Using his advantage of interior lines of communication to great effect, Napoleon turned on Blucher on 10 February 1814. Over the next six days Napoleon, with an army of just 30,000, won four major victories over Blucher, at the Battles of Champaubert, Montmirail, Château-Thierry, and Vauchamps. He then crushed Blucher’s Russian and Prussian reinforcements on 17 February at the Battle of Mormans. Schwarzenburg paid for his indecisiveness on the 18th when Napoleon defeated him at the Battle of Montereau. In a period of just 20 days, Napoleon and his marshals with a combined force of just 45,000 won ten separate major battles against 400,000 Allied troops. The Austrians and Prussians streamed back east.

The Six Days’ Campaign, and the battles in the days before and after, was a masterpiece of tactical maneuver warfare, a tribute to the courage of the French character, and a testament to the inspired leadership that coaxed the new French conscripts to victory over an overwhelming number of Allied veterans. Unfortunately for Napoleon, the problem with relying on interior lines is that it rarely, if ever, leads to the complete destruction of one’s enemy. Napoleon couldn’t finish the job and still cover Paris.

Napoleon’s inability to pursue allowed the Allies to recover by the end of month. When Blucher and Schwarzenberg returned in March, Napoleon was not be able to repeat the brilliance of the Six Days’ Campaign the month before, despite severing the Allies’ supply lines to the east at the beginning of the month. Blucher and Schwarzenburg just ignored the maneuver and drove on the French capital. On 30 March, the Allies triumphantly entered Paris. Napoleon abdicated the French throne five days later after his marshals mutinied, thus ending the War of the Sixth Coalition. He was sent into exile on the Mediterranean island of Elba, where he would spend the rest of his days.

Or so the world thought…

The Spring of Nations: The Revolutions of 1848

The Congress of Vienna in 1815 after the defeat of Napoleon undid any social and political reforms in Europe brought about by the American, Polish and French Revolutions, and even Napoleon’s reforms such as the Napoleonic Code. The Council of Vienna cemented political and social control in the absolutist regimes of Europe in the name of stability and “Balance of Power”. It was as if the revolutions of the Enlightenment and the Napoleonic Eras had never happened.

But no matter how hard someone tries, you can’t kill an idea with centralized power. The autocracies of the Hapsburgs in Austria, the Hohenzollerns of Prussia, the Bourbons of France, and the Romanovs of Russia held iron grips on their people. But the shining examples of America which was founded on Enlightenment principles and Britain whose constitutional monarchy enacted sweeping political and social reforms caused by its early embrace of the Industrial Revolution could not be kept from increasingly literate populations of the Ancien Regimes. The world shrank with rapidly expanding communications technologies such as steam power and the telegraph. Thirty years after the Congress of Vienna, Liberalism and Nationalism, with a heavy dash of Romanticism, swept Europe.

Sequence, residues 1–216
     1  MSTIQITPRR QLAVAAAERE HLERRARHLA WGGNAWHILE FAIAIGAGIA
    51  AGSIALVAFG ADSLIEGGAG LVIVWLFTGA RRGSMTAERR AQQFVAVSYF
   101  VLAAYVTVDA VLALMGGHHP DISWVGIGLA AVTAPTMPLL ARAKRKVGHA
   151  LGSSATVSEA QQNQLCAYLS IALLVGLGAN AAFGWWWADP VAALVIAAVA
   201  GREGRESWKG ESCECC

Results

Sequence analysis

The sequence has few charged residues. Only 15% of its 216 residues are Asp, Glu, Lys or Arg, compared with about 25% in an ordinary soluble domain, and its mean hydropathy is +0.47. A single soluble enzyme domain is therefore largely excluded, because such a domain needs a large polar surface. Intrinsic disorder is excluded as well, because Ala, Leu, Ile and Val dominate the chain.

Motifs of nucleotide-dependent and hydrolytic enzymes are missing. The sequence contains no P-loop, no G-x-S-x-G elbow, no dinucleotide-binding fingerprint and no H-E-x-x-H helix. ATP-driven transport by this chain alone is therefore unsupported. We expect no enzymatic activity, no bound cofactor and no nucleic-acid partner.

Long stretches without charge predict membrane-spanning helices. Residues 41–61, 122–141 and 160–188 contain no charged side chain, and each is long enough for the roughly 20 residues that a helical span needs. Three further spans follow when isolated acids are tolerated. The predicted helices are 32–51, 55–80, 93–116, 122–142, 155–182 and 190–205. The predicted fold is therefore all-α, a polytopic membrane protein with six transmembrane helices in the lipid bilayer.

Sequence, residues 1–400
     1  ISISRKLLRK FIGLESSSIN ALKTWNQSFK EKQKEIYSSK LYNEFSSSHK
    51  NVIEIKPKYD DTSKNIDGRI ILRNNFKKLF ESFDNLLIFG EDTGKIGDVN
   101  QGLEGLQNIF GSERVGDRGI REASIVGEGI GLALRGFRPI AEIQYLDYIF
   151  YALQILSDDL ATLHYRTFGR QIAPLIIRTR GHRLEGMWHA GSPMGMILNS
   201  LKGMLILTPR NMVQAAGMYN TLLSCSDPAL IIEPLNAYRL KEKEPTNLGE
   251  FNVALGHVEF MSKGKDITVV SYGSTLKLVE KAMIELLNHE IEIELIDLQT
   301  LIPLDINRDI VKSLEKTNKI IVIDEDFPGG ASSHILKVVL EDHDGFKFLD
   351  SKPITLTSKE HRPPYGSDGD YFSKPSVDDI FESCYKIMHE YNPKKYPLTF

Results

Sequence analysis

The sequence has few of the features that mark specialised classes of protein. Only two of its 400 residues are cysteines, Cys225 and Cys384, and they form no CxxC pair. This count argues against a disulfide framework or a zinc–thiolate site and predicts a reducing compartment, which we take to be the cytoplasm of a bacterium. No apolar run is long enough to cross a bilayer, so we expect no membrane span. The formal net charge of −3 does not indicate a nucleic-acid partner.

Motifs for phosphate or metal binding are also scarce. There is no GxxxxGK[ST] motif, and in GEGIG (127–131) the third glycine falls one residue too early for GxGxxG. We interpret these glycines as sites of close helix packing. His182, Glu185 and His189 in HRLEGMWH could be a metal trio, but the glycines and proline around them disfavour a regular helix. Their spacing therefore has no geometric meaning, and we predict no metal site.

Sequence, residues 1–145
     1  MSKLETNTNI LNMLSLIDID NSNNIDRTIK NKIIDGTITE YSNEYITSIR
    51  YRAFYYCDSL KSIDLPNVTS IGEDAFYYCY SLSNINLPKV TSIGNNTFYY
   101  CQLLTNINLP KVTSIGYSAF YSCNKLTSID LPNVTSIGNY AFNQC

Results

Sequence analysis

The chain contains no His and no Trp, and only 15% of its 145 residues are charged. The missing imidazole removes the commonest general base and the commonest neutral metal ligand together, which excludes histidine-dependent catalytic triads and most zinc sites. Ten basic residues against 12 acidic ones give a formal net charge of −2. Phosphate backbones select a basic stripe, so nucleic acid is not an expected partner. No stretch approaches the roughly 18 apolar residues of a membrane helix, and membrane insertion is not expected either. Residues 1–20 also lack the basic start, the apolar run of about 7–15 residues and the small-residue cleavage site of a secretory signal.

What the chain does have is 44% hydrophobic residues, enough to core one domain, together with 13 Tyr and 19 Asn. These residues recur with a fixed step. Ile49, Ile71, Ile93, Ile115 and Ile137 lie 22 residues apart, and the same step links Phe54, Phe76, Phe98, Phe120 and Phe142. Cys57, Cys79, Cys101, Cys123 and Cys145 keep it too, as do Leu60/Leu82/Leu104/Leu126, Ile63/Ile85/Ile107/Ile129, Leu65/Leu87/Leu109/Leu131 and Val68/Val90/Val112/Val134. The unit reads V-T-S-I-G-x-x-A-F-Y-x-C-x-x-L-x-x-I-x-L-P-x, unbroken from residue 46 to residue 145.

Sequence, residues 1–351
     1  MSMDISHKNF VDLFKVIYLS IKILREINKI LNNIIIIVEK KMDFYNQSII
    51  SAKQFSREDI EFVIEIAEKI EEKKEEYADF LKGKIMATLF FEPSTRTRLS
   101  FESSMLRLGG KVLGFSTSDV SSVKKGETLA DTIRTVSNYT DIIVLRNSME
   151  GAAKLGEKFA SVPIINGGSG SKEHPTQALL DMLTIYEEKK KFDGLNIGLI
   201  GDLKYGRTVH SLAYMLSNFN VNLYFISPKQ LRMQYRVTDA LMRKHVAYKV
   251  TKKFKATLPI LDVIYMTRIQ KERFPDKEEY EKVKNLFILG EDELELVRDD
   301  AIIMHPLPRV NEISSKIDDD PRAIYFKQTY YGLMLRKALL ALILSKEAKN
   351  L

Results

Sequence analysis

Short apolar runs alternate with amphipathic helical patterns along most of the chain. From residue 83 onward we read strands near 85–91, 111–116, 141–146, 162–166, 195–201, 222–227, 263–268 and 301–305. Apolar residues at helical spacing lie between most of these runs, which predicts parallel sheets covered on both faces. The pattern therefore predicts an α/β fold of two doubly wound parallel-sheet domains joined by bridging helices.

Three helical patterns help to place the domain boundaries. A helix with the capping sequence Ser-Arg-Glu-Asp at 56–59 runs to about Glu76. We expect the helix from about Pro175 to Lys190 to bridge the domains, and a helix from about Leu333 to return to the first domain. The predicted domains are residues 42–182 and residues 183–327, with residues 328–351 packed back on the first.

Romanticism was a direct reaction to the Industrial Revolution, as romantics pined for long lost good old days, the glories of the past, its upswelling of emotion, and the beauty of nature’s perfect moment. Romanticism’s devotion to the emotions of the individual dovetailed nicely with the Liberalism of the Enlightenment, part of those supposedly long lost good old days. Liberalism in the 19th Century has nothing to do with contemporary or postmodern Liberalism. “Big L” Liberalism of today focuses on collectivism and Greater Good at any cost, whereas Liberalism of the 19th Century, known as “Classical Liberalism” today, concerns the expansion of individual rights and protections from the tyranny of the majority. Similarly, the concept of Nationalism evolved, though not to such an extreme as the term Liberalism. Unlike today, Enlightenment Nationalism has little to do with shared race and ethnicity, and everything to do with shared culture, though on occasion they were one and the same. Like Bushido in Japan, the word “Nationalism” in the 20th century was perverted by National Socialist Germany and Fascist Italy, and today is used to invoke Godwin’s Law without actually saying “Hitler”. But in the early and mid-19th century (and to most academics today), Nationalism was, and is, a concept linked to shared culture, history, and geography. For example in 19th cent France, Normans, Bretons, Gascons, and Burgundians were ethnically different, but culturally “French”, same as “British” with the Welsh, English and Scots of the British Isles. America was founded on that very principle: taking the best of each ethnicity and subsuming it in American culture, we just know it today as “the Melting Pot”. As nationalist feelings swept Europe in the 1830s and 1840s, it was no surprise that the first revolutions of 1848 began in Italy, then under the domination of the Austrian Hapsburgs.